Clinical necropoetics
Medical and ethics writing of death and transplantation
in Transplantation Gothic
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This chapter explores affective and epistemological challenges posed by the novel diagnostic entities of ‘whole brain death’, ‘brain stem death’ and ‘controlled circulatory death’ as they developed within transfer milieux in the UK and US. Life support technology enabled cyborg hybridities of machine and flesh, and I draw on Annemarie Mol’s concept of diagnosis as assemblage and Giorgio Agamben’s concept of ‘bare life’ to analyse how writing in medicine and ethics manages the ambiguities of the new deaths. I coin the term ‘clinical necropoetics’ to convey how Gothic imagery, intertextualities and narrative strategies are marshalled to variously express uncertainty or unease or, by contrast, to manage doubt and normalise. Gothic facilitates contradictory meanings, communicating troubling affects and conceptual ambiguity, or eliding these very things. Gothic representations may ‘give a voice to the silenced dead’, in the words of Sarah Webster Goodwin and Elisabeth Bronfen, imbuing a dead body with social meaning. At the same time, Gothic can be part of a process of silencing the dead, reducing the dangerous superfluity of meanings that such bodies may bear.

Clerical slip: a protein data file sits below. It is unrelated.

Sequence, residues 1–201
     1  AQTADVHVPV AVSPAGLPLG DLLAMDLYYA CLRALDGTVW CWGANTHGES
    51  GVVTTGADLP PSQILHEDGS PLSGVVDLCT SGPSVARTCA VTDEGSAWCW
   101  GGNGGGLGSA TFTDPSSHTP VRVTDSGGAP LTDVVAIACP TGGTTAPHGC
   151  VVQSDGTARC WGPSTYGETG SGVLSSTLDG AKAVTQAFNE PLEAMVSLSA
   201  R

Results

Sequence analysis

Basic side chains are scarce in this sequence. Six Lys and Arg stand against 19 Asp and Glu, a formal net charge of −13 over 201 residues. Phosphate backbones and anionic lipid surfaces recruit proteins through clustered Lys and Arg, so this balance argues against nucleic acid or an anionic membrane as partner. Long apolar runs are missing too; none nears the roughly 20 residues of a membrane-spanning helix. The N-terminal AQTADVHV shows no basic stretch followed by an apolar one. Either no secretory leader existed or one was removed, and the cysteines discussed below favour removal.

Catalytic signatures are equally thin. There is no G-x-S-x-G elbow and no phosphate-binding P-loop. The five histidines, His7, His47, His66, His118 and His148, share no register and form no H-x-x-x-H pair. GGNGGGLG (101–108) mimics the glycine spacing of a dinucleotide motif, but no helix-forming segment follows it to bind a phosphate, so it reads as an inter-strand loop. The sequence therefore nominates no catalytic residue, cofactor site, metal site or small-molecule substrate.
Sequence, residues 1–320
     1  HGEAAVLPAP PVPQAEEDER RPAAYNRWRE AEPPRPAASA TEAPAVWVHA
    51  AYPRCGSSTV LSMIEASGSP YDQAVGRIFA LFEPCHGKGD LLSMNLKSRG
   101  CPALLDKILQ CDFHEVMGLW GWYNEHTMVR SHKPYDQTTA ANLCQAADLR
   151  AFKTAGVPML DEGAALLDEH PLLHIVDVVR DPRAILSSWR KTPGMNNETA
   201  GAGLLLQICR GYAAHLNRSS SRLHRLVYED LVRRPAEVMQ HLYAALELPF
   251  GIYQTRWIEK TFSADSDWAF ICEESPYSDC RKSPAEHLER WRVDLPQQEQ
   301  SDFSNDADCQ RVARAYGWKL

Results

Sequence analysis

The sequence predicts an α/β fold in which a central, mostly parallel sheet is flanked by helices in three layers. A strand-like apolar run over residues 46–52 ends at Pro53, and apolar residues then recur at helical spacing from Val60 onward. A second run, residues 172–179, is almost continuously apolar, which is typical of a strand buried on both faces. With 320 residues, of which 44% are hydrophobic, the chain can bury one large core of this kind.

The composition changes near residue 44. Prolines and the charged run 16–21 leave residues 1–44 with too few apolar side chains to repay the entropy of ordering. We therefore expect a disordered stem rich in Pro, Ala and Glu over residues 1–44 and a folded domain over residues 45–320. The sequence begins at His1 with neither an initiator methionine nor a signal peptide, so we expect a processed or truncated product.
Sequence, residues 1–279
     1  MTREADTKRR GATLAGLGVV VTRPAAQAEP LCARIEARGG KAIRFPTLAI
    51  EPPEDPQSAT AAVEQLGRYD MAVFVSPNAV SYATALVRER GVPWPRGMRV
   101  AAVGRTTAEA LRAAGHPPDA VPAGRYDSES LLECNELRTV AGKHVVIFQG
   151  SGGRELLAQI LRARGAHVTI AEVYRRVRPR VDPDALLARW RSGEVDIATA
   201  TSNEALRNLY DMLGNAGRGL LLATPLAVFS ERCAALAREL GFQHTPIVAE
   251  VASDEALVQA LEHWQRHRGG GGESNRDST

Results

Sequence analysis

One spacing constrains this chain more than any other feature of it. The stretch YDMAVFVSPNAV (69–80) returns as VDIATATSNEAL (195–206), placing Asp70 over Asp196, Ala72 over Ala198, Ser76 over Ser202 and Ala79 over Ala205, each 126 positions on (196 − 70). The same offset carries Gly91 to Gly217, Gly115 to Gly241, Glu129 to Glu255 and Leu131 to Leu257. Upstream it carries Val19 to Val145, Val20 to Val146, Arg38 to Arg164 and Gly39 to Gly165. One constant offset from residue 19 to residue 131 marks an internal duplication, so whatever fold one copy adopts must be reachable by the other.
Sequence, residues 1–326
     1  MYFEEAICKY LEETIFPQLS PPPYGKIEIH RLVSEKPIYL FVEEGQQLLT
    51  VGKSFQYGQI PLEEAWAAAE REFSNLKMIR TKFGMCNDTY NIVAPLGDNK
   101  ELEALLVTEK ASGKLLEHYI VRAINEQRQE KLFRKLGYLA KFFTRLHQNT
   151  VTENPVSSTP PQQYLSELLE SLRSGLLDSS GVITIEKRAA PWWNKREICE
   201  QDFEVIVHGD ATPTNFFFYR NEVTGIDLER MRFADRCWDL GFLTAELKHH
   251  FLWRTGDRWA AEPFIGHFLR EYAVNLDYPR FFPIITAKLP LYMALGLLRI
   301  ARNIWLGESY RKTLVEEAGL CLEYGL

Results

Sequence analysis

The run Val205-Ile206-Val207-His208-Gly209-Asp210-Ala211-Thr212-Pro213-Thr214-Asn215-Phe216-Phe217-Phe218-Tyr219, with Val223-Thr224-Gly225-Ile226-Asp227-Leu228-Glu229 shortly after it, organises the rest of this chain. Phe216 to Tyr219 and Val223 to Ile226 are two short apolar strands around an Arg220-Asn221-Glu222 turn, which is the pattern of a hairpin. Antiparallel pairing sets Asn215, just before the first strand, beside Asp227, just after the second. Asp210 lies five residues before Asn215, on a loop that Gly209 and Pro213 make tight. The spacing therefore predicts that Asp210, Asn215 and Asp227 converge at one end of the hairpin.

Transplantation Gothic

Tissue transfer in literature, film, and medicine


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